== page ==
Missing Image on Import

Hi, all–

I’m very new to DevonThink. I’ve heard other writers rave about the software so I purchased it for my research files. I have the Office Pro version, if it matters. I just created a database for the files & emails I downloaded from several online classes. But the images for one of the classes are not loading in DevonThink, just the text of each file. The files are .doc.dot & I’ve tried importing them as such. I’ve also tried converting the files to .docx first. The files open fine in Word 08 and in NeoOffice, but as soon as I import the files to DevonThink, I lose the images. Any suggestions?

–Candace

DEVONthink is using code built into OS X that allows indexing and capture of the text content (only) of Word .doc files.

DEVONthink retains a Path link to the original .doc file, so it can be opened for viewing or printing by using the Launch Path command in DEVONthink.

If you wish to see the original formatting, layout and images you can “print” the file from Word to result in a PDF version saved in the database. With the .doc file open in Word, press Command-P to open the Print panel, click on the PDF button and choose “Save to DEVONthink Pro Office”.

Thanks! This is exactly what I needed. (Creating pdfs) I’m really liking this software, but I have another Q. Perhaps you could help.

I write military/political thrillers, hence, I have a lot of data stored across the topic spectrum. I’m not sure how zealous I should be in creating separate databases since there’s a lot of overlap for individual books.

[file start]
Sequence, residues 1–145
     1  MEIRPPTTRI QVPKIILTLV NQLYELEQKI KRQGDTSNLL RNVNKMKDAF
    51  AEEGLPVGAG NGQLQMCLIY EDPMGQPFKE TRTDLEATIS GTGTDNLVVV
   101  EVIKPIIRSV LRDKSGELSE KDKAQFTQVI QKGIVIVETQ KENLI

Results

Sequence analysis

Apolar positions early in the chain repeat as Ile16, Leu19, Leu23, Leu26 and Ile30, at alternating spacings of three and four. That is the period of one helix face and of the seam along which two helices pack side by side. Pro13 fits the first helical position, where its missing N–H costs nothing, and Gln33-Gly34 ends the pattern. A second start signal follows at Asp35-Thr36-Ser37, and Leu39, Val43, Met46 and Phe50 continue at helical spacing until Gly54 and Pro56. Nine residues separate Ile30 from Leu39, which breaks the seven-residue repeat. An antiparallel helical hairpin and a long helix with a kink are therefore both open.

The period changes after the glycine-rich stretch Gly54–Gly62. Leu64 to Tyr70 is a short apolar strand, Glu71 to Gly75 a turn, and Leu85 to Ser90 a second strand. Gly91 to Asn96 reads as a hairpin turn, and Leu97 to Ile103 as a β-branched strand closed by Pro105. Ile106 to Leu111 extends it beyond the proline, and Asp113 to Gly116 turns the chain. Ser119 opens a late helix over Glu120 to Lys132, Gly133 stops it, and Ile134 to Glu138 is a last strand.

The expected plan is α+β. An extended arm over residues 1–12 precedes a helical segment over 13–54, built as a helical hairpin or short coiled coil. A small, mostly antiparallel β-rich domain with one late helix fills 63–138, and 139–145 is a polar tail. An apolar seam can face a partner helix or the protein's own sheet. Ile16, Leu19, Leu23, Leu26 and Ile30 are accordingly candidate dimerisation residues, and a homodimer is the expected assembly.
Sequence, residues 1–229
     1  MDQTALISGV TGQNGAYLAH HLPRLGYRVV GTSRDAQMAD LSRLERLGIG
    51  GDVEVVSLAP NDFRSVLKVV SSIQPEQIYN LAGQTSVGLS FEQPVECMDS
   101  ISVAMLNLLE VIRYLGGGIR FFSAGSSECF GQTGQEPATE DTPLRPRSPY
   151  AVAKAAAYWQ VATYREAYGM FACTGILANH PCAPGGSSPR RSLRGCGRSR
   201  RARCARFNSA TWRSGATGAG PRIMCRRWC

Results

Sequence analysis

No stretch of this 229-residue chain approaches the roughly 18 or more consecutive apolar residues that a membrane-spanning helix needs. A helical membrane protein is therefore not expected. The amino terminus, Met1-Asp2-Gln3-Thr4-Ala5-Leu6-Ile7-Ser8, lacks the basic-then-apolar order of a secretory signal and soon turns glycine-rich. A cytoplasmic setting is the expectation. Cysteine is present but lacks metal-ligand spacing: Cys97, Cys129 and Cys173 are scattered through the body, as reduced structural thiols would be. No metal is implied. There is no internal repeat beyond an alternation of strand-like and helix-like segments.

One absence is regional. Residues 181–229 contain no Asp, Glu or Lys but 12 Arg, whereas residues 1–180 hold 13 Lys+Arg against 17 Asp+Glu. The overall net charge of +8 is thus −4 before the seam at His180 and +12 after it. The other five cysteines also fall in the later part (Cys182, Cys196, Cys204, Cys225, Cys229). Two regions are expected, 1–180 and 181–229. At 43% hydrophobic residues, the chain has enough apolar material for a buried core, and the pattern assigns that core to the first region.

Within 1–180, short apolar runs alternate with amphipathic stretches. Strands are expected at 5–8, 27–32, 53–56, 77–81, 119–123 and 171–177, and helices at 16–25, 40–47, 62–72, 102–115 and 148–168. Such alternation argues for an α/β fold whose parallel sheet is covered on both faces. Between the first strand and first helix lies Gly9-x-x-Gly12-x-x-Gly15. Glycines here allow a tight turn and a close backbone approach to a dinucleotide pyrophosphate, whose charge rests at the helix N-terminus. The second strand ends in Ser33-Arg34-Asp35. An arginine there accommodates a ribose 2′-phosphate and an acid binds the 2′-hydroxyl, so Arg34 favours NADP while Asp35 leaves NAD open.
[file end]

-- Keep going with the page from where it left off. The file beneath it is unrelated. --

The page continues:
Is there a way to split a database into two or more databases once they’re set up? Also, can I combine two databases at a later date? I can’t seem to locate this subject in the help manual.

–Candace

Yes. To split a database, first create a new folder in the Finder, that’s to be used to temporarily hold the material being transferred.

Now select the material that you would like to export to a new database and choose File > Export > Files & Folders. Choose that new Finder folder as the target for the export.

Next, choose File > New Database and create and name your new database. Once it has been created, choose File > Import > Files & Folders and select all the contents of that target folder in the Finder for the import.

Inspect the newly populated database. If all looks good, it’s time for some housekeeping. First, run Tools > Verify & Repair on the new database to check it for errors, then run Tools > Backup & Optimize. Next, choose File > Open Recent to switch back to the first database, select the material that had been exported and delete it from this database. Finally, in the Finder, delete that export target folder. (In my “belt and suspenders” frame of mind, I’m cautious about deleting data until I’m satisfied that all went as planned.)

That’s it. You have split a database into two working databases.

The process to merge two databases into one should be obvious, as it employs the same Export/Import procedures to an intermediary folder in the Finder.

Note: Whenever doing imports and exports it’s a good idea to inspect the Log (Tools > Log) after the procedure. The Log will list any file(s) that failed to export or import.